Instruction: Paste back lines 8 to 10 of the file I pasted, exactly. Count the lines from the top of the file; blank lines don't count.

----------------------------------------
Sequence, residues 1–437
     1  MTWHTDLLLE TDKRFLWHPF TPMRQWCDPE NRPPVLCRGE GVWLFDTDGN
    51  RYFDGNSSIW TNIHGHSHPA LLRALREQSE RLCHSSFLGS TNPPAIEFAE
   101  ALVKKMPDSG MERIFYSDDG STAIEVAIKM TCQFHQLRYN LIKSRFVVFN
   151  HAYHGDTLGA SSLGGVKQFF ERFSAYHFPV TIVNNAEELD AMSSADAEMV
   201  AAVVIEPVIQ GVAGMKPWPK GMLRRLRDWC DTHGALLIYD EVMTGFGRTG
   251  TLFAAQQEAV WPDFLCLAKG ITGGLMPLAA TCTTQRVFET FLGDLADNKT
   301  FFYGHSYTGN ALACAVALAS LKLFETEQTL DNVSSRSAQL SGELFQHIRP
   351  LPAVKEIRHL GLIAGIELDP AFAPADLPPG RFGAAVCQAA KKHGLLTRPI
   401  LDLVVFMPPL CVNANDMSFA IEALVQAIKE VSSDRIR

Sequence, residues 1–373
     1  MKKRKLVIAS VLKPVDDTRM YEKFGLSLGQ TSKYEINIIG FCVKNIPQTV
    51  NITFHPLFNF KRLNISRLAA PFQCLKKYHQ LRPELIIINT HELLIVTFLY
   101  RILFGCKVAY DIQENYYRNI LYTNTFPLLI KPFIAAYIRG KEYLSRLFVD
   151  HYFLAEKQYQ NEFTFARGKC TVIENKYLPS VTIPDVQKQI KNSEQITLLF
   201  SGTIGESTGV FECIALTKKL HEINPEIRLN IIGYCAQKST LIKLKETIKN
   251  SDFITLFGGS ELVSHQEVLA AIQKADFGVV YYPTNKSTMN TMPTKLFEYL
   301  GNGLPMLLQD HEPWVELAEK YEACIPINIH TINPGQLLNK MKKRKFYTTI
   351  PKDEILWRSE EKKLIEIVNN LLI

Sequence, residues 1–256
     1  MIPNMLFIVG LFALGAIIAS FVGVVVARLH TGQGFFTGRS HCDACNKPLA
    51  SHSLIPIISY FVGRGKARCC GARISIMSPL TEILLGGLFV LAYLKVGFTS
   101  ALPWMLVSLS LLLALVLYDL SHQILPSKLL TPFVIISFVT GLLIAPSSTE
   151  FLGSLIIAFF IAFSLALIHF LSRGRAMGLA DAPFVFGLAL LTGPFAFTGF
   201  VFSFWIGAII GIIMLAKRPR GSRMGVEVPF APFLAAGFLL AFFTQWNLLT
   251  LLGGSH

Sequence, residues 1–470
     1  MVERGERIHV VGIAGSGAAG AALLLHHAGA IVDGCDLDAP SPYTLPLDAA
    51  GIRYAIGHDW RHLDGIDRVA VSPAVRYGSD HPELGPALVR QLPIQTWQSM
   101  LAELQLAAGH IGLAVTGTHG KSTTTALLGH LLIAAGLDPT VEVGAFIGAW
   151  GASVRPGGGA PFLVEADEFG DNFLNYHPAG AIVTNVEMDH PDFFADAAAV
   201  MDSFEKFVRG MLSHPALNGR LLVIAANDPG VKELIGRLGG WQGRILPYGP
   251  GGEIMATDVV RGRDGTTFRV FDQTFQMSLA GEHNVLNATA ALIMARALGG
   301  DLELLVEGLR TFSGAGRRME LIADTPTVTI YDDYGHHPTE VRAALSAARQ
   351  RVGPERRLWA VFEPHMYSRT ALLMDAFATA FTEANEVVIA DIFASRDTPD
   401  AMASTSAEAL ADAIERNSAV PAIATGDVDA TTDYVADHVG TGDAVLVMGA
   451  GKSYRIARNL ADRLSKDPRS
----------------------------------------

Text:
   301  FFYGHSYTGN ALACAVALAS LKLFETEQTL DNVSSRSAQL SGELFQHIRP
   351  LPAVKEIRHL GLIAGIELDP AFAPADLPPG RFGAAVCQAA KKHGLLTRPI
   401  LDLVVFMPPL CVNANDMSFA IEALVQAIKE VSSDRIR